Connected English

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Language for Specific Academic Purposes

Andy Gillett’s UEFAP site, Using English for Academic Purposes, supported by BALEAP (the British Association of Lecturers in EAP) offers a deep set of resources for academic communication in all skill areas. The best segments of the site offer an introduction, strategic advice and practice exercises, and sample phrases for very specific communicative purposes. The advice given is solid, well-researched, and clearly explained.

UEFAPlisteningFrom the front page, users can navigate to sub-sections of the site based on skill area.  For example, in the Listening subsection, one can try out advice on listening strategies with a wide range of audio samples, playable in a wider

 

 

 

 
UEFAPreading

Sometimes, the best content is buried in unexpected places. In the Reading section of the website, for example, content may seem a bit sparse, but if you happen to click on the keyword “Efficient” in the left vertical frame, you land on a well-developed sequence of advice, models, exercises, and tests on strategies for efficient reading.

 

UEFAPspeakingintrophrasesThe Presentation-Language topic in the Speaking section of the site includes a useful list of phrases for each moment in a typical academic presentation, including the dreaded Q & A. The Groupwork topic in the Speaking section offers myriad phrases for language functions that might come in handy in discussion or collaboration contexts. Unfortunately, none of the phrases are contextualized, so information about use and frequency is absent.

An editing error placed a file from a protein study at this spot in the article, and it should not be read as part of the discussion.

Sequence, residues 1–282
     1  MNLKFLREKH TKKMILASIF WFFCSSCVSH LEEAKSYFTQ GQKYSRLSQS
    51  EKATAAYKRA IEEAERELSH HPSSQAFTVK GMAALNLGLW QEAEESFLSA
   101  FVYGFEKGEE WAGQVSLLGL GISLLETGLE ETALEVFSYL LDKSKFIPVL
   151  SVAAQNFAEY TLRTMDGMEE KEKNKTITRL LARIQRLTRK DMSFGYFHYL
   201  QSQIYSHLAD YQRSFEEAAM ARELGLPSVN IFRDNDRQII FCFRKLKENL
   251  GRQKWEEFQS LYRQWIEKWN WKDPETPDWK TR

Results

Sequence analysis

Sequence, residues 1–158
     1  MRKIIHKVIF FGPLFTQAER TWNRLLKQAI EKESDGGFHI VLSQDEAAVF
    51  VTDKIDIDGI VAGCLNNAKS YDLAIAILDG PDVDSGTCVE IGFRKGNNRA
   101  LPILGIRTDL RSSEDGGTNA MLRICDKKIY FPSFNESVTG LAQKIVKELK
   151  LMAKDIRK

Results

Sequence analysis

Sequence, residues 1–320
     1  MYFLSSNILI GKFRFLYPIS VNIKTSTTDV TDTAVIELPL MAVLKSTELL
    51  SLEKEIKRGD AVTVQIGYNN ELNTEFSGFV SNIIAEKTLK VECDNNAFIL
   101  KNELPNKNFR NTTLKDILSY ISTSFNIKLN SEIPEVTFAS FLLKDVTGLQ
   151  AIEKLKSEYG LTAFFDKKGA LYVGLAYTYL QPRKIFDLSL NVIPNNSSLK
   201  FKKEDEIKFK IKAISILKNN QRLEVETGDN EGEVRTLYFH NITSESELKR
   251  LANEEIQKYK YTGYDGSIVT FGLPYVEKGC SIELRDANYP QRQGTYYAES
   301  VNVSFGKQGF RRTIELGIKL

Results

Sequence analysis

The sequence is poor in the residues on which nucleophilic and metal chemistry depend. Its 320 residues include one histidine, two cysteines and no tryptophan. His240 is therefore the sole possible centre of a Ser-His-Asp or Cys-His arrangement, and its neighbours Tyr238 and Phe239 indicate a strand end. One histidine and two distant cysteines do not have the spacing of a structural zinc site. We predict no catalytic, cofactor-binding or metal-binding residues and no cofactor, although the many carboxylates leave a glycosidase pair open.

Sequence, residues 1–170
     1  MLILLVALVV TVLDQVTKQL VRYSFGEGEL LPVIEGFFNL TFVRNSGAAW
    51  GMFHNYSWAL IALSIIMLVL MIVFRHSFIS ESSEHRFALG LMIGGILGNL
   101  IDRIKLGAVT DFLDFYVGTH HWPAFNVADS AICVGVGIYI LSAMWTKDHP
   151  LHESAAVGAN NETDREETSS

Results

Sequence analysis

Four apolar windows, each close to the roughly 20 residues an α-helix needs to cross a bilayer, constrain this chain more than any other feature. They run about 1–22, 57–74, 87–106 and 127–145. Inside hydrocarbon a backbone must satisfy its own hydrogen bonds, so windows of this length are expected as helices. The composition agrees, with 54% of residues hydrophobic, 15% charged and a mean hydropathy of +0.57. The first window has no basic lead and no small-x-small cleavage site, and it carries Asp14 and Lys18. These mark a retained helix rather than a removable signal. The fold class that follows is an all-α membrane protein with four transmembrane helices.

UEFAPvocabularyIn the Vocabulary section of the site, there is an extensive and well-explained piece on word roots, prefixes, and suffixes. One can access lots of academic word lists here too.

UEFAPwriting

The Writing section is the most extensive, with many more topics listed. I have found the “Reporting” topic particularly helpful to students in exploring strategies for paraphrasing and summarizing source texts.

Video lessons on pronunciation with Rachel’s English

rachels english

The “Rachel’s English” website provides a large library of high-quality, short, and engaging videos about various features of American English pronunciation. Rachel’s explanations are clear and accurate. The videos are hosted on a YouTube channel, so playback is compatible on most devices. The “Sounds” section offers videos on specific vowel & consonant sounds. The “Pronunciation” section offers videos on intonation (be sure to scroll down the page), and on features of fast, connected speech (“linking and reduction”). Some of the “Blog” posts are also fun and useful to explore. What is your favorite video on the site?

MICUSPinterface

A Great Academic Writing Resource

Suppose you are writing a paper and you’re trying to refer to one of your sources. You feel like you’ve already used “according to” way too much. You could go to MICUSP, the Michigan Corpus of Undergraduate Student Papers at http://micase.elicorpora.info, for inspiration. This “corpus” (a body of texts) is a searchable collection of dozens of real student papers that received a grade of “A” at the University of Michigan. Try looking up the words according to. You’ll see 835 examples in 365 papers that you can explore by subject, assignment type, and more. As you browse examples, notice what other language is also used to reference sources. Beyond indicating references, what else do you notice about how “according to” is actually used?
Leave a comment here: what did you find useful on/about MICUSP?